It serves a dual function, Firstly it contains a fusible link that would blow instantly if the compressor clutch coil, or cable between the coil and the fuse were to short. The third connection goes to the superheat switch mounted in the back of the compressor. When this grounds, for example when the refrigerant is low, it causes a resistor mounted next to the fusible link to gradually heat up. If this happens for an extended period the heat generated melts the link cutting the supply to the compressor clutch. From your description this is possibly what has happened.

If I recall, the three connections are marked S, B & C and correspond with connections to the superheat switch, battery (supply or input) and compressor clutch.

Its purpose is to protect the compressor against a low refrigerant charge that would cause compressor damage. Under this condition it would heat for extended period as the superheat switch provides a constant ground. Transient conditions, that are not damaging to the system, however do not allow the resistor to get hot enough to melt the fuse.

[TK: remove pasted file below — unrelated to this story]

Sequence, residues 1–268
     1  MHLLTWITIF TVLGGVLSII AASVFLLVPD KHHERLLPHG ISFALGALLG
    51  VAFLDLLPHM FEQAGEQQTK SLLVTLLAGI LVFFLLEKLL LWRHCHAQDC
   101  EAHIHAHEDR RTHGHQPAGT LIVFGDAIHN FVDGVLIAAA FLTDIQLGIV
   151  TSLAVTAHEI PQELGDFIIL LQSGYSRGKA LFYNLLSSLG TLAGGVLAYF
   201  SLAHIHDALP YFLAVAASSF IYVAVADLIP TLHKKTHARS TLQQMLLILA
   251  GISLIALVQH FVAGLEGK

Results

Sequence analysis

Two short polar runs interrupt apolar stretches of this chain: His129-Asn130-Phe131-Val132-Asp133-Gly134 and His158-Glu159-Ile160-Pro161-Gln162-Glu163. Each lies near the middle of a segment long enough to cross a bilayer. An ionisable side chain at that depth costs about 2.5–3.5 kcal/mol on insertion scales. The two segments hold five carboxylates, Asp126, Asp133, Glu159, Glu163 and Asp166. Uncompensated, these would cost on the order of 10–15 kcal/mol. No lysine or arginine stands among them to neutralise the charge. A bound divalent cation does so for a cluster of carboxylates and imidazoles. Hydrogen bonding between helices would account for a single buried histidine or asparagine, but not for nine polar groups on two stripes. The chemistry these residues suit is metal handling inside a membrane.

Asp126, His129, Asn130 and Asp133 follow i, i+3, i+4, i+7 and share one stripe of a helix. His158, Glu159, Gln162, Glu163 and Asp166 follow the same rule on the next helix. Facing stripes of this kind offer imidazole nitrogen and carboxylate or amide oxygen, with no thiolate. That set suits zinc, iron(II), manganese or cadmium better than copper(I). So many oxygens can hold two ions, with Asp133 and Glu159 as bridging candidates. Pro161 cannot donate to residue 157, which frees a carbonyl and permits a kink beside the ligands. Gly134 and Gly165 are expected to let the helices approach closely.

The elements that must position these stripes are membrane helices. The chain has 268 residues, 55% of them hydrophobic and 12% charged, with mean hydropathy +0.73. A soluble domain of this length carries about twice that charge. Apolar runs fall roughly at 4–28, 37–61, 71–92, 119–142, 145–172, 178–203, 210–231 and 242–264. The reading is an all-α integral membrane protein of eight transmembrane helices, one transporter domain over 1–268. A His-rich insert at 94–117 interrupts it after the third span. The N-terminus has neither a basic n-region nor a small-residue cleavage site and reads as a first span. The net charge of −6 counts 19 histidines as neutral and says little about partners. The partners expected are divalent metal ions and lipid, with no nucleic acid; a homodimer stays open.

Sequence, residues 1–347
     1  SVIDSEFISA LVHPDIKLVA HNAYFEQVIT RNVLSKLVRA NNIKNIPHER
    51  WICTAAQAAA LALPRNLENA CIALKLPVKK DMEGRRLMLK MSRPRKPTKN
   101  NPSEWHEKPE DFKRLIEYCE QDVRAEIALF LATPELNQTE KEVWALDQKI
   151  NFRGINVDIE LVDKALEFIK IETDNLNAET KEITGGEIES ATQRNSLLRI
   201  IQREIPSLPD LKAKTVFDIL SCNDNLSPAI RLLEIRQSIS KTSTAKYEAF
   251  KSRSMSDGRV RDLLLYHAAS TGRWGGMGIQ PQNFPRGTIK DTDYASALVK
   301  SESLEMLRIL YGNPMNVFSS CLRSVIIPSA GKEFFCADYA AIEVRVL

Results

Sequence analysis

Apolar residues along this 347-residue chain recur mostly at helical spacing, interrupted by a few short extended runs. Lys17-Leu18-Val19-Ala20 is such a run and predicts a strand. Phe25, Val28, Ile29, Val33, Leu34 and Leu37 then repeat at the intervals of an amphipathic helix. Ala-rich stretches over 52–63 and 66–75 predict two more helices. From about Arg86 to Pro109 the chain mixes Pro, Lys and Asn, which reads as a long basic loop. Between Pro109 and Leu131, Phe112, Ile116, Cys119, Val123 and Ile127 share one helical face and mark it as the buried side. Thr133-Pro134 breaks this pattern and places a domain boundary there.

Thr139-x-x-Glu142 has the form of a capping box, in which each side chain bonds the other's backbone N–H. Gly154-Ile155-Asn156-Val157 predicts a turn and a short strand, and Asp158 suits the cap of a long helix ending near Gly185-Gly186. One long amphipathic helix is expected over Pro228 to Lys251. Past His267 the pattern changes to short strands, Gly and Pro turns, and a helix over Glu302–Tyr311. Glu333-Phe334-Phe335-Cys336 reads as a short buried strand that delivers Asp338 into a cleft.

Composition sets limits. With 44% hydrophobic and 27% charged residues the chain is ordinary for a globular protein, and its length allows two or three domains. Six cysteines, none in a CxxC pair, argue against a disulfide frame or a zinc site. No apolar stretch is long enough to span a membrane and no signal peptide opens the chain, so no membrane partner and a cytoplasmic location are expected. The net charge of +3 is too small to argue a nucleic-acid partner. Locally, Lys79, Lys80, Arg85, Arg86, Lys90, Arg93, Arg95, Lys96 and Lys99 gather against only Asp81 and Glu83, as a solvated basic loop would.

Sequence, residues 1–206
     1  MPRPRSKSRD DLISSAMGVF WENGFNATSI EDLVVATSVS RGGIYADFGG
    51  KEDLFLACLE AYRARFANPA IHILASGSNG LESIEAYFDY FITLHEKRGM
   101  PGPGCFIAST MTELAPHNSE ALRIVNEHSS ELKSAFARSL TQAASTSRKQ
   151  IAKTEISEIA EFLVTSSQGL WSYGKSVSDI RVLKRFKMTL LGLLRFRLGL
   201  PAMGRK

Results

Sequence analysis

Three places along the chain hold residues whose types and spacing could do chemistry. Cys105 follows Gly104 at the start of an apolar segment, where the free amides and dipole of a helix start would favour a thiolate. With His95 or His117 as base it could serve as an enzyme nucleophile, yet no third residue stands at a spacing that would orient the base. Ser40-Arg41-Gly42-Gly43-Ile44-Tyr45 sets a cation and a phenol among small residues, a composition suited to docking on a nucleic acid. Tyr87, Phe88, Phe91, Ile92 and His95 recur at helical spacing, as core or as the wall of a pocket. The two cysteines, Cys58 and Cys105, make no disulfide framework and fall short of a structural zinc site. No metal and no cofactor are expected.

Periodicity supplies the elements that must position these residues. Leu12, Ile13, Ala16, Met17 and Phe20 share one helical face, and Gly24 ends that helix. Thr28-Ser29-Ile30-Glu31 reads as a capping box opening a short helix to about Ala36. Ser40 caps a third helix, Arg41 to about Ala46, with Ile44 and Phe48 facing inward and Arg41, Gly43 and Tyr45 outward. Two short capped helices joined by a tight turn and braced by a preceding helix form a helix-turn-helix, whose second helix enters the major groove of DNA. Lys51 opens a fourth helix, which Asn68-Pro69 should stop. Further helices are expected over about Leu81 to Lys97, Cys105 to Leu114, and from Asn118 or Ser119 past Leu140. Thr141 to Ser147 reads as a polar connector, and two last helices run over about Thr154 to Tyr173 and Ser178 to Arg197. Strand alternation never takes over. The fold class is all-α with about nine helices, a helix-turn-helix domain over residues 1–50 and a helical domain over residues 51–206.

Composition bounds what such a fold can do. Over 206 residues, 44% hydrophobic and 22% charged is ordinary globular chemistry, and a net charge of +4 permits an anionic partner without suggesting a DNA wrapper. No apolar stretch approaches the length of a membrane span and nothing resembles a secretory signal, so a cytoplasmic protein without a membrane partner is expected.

The gradual heating of the resistor should differentiate between the two however there was a factory modification that involved adding yet another resistor in series with the first that extended the heating time even further.

Like all fuses it can be jumped and a plastic Littelfuse can be used to bridge between the incoming supply current to the clutch feed, B & C. This provides protection to the clutch but obviously bypasses the superheat protection.

OE thermal fuses are quite expensive and difficult to get hold of but aftermarket ones are easy to order on line and in my experience are just as reliable and only 1/10th the price.

You sometimes see cars where a new original type fuse if fitted thermal protection is made ineffective by disconnecting the round push on connector to the superheat switch on the rear of the compressor. It's a good indication that someone's trying to hide a problem.
Thanks so much for the advice. I have it scheduled for Wednesday to get looked at, leak checked and re-charged. By chance can you provide a link to the aftermarket thermal fuse? May order it to have on hand.
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post #10 of 13 (permalink) Old 03-15-2015, 01:05 PM
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Where are you located? If in the US this would be one source -

http://www.jcwhitney.com/4-seasons-o.../p3041368.jcwx